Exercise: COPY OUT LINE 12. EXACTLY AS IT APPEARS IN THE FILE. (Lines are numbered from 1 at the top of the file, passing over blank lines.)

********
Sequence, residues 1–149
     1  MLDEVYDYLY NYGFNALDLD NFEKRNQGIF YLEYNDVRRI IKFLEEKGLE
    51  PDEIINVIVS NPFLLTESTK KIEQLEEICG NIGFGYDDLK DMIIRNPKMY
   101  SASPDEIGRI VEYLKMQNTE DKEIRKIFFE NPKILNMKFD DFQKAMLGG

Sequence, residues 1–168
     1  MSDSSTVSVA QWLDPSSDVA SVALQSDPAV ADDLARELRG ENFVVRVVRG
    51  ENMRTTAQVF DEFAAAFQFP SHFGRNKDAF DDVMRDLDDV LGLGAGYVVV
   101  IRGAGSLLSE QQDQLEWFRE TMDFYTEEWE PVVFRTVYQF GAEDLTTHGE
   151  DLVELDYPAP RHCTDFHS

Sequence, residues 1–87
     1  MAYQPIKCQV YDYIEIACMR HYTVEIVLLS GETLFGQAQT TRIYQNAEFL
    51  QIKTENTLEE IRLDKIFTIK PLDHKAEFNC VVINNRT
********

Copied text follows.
    51  QIKTENTLEE IRLDKIFTIK PLDHKAEFNC VVINNRT